Desktop video conferencing bridges physical distances, bringing colleagues, partners, suppliers, and customers together in a collaborative face-to-face environment. Eliminating travel expenses and commuting times is but one of many ways video conferencing can give your productivity a boost. Below are a few more tips for improving productivity with video conferencing.
- Create a Culture of Conferencing — Lead by example. The more you use desktop video to communicate with your team, the more comfortable everyone else will become with the technology.
- Make Video Conferencing Accessible — Tools are only helpful if they’re actually used, so it’s important to make sure your desktop video solution is easy to use. Fortunately, installing elaborate equipment or booking time at a facility equipped with the appropriate equipment and technologies is no longer necessary. Today, most computers, tablets, and smartphones are appropriately equipped. Choosing a desktop video plan that allows attendees to join via a standard web browser makes your video conferences extremely accessible for everyone involved.
- Empower Users — Through a blend of training and frequent use, your employees will have a better understanding of when to use video conferencing over other communication methods or face-to-face meetings along with the benefits of doing so. Show users how they can make use of personal share space and collaborative notes, helping them to be more productive before, during, and after video conferences.
- Highlight Different Use Cases — It’s possible to host or join video conferences from the office, home, a coffee shop, library, or even while on a train or airplane. You can use video conferences to interview job candidates, get an expert opinion, demonstrate products, pitch an investment or idea, explain the latest health insurance coverage options and deadlines, troubleshoot issues, and much, much, more. Share some of the different ways you’ve used, or plan to use, video conferencing with your team to help your newer users grasp just how versatile this tool is.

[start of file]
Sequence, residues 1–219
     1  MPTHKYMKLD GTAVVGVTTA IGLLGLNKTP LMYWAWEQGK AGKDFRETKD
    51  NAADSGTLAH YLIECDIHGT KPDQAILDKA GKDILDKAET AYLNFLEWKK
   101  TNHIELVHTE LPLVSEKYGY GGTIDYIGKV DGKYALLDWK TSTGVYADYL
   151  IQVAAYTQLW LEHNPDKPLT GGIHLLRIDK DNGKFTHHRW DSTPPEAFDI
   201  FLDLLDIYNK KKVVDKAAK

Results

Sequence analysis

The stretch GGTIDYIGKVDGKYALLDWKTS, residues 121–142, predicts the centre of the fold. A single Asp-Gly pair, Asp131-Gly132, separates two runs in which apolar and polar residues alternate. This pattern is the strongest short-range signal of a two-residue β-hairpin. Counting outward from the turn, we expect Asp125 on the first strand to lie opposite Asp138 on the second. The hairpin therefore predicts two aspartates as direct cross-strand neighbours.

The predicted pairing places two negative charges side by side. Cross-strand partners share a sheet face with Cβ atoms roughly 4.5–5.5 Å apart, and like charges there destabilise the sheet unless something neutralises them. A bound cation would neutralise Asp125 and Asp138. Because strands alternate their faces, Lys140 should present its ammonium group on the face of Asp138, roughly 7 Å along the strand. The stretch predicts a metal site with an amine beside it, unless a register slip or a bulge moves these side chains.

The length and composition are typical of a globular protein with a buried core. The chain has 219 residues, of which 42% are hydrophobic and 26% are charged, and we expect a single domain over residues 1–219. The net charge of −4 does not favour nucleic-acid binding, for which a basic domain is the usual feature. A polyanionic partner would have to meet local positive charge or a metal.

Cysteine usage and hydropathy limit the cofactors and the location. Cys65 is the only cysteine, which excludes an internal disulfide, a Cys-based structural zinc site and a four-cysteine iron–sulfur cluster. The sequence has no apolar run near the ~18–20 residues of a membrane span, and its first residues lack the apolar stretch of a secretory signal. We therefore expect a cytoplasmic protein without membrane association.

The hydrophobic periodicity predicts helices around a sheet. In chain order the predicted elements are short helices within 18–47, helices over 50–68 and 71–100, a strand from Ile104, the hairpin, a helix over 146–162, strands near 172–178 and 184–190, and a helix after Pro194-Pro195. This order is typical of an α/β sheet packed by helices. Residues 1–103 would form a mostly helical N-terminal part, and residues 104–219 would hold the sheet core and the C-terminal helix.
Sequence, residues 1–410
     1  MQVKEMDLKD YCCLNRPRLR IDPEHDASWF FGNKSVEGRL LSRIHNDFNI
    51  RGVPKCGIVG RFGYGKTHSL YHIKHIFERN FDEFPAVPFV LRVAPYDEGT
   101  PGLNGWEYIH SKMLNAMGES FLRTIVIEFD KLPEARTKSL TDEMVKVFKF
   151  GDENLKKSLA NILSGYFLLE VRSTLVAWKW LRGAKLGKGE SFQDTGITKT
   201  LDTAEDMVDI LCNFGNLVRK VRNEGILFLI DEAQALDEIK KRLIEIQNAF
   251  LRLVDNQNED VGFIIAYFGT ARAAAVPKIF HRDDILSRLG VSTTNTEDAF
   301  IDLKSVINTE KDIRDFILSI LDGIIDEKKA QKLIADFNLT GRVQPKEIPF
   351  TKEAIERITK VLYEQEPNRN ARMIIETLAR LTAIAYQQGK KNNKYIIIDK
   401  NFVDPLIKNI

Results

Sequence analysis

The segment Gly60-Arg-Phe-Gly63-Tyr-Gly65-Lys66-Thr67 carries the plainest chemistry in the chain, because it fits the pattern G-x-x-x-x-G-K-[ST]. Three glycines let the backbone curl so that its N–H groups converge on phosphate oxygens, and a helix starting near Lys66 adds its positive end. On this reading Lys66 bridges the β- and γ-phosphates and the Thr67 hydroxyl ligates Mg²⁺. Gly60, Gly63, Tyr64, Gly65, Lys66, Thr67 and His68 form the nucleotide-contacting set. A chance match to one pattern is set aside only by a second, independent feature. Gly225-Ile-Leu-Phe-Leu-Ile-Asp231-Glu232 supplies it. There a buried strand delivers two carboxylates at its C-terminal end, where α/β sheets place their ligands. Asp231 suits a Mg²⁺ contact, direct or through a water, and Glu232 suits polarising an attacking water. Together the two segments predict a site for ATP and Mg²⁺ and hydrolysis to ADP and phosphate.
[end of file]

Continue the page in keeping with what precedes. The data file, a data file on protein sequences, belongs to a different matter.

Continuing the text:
- Engage Employees — With a more mobile workforce, getting face time and buy-in from a dispersed workforce isn’t easy. Video conferences can help build stronger relationships while the face-to-face nature of this communications method can ensure that facial cues and other non-verbal signals are exchanged. For example, imagine assigning a project to an employee via email versus via a short video conference. With a video conference, you can better explain the importance of the project as well as pick up on any potential objections or questions your employee may have based on facial expression. At the same time, the entire discussion becomes much more personal and the employee will have had the opportunity to get all of her questions answered.
Once a culture of conferencing has taken hold throughout your organization, you should start to notice an improvement in productivity, communications, and interpersonal relationships.
Rather than scheduling meetings or traveling across town (or even to another country) to meet with others, your employees will be able to meet face-to-face at the moment to collaborate, plan, solve problems, brainstorm, or exchange knowledge. Remote workers are more likely to be readily available for collaboration when video conferencing is an option while other employees could benefit from telecommuting occasionally.
In addition to productivity gains, you may notice an improvement in employee satisfaction levels as a result.